Ireland. The gift that keeps on giving.
I read at the NCRegister that former Irish President Mary McAleese thinks that infant baptism is a violation of human rights.
Baptizing babies, she said, makes “infant conscripts who are held to lifelong obligations of obedience.”
She is, apparently, working on a Canon Law degree with the Jesuits in Rome. Jesuits. Now she thinks she has come up with something.
More of her wisdom:
“Let’s be frank about it, very little of the magisterium — there are elements of it that are obviously infallible, things like the teaching on Christ and his divinity; but there are other things that over many, many centuries were taught with great passion that quietly now have been abandoned by the very magisterium that taught them.”
McAleese, who has previously advocated publicly for ending abortion restrictions in Ireland, same-sex “marriage” and women’s ordination to the priesthood, drew headlines earlier this year when she spoke March 8 at a women’s conference in Rome held outside the Vatican.
Of course the Church has some important things to say about the importance of baptism and its connection with…well… you know… salvation.
While God cannot be limited in any way, and it is possible for God to save whom it pleaseth Him to save, with or without baptism, we don’t know exactly how it works without baptism. We read in the Catechism of the Catholic Church:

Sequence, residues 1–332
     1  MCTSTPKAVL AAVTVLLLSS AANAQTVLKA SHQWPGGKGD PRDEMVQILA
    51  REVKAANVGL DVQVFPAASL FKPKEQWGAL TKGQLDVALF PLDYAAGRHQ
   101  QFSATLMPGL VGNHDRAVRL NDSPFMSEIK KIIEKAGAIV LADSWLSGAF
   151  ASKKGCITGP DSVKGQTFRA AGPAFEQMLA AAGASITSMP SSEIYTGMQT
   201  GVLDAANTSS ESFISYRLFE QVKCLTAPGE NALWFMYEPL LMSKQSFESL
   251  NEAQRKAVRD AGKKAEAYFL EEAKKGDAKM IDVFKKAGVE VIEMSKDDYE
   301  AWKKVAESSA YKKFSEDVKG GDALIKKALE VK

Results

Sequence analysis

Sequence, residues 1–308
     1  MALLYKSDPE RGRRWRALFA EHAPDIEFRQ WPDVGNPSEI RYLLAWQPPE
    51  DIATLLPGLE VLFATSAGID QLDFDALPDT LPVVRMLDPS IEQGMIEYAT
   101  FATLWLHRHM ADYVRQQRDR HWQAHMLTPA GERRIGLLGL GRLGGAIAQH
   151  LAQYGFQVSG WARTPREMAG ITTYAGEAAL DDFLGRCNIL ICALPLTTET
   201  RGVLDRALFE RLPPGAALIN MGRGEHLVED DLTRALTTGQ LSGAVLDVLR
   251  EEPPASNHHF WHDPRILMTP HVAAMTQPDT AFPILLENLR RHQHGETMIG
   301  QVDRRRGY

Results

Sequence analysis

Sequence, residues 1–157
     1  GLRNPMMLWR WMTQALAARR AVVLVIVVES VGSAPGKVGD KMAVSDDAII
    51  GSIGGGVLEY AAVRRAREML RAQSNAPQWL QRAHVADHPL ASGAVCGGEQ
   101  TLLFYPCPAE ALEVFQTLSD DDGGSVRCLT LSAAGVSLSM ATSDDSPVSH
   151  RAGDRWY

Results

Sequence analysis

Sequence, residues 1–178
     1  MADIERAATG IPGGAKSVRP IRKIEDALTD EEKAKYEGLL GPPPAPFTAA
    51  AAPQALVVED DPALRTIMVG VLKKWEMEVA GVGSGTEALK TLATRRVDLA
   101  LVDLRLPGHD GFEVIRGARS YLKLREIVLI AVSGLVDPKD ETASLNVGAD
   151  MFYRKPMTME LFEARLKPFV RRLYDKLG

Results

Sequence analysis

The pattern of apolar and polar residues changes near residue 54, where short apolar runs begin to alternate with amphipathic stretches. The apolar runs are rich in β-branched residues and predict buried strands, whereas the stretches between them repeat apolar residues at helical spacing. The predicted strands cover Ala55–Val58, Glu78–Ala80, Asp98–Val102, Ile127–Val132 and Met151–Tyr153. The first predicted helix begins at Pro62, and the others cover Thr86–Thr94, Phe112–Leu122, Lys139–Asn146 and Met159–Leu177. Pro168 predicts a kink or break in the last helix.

1257 The Lord himself affirms that Baptism is necessary for salvation. He also commands his disciples to proclaim the Gospel to all nations and to baptize them. Baptism is necessary for salvation for those to whom the Gospel has been proclaimed and who have had the possibility of asking for this sacrament. The Church does not know of any means other than Baptism that assures entry into eternal beatitude; this is why she takes care not to neglect the mission she has received from the Lord to see that all who can be baptized are “reborn of water and the Spirit.” God has bound salvation to the sacrament of Baptism, but he himself is not bound by his sacraments.
While there are other sorts of baptism (e.g., desire, blood) baptism with water and the Trinitarian form is normative.
Infants, being human beings, are from conception guilty of Original Sin. Baptism forgives that Sin and sanctifies the soul.
Infants may not have the same developed intellect and use of will that adults have, but that doesn’t mean that they don’t have the effects of the sacrament of baptism.
Keeping in mind that under the old covenant infant males were circumcised, so to it seems consistent that infants be baptized.
Can. 867 §2 says: “If the infant is in danger of death, it is to be baptized without any delay.”
There is a 1980 Instruction on Infant Baptism from the Congregation for the Doctrine of the Faith.
John 3:5: “Amen, amen I say to thee, unless a man be born again of water and the Holy Ghost, he cannot enter into the kingdom of God.”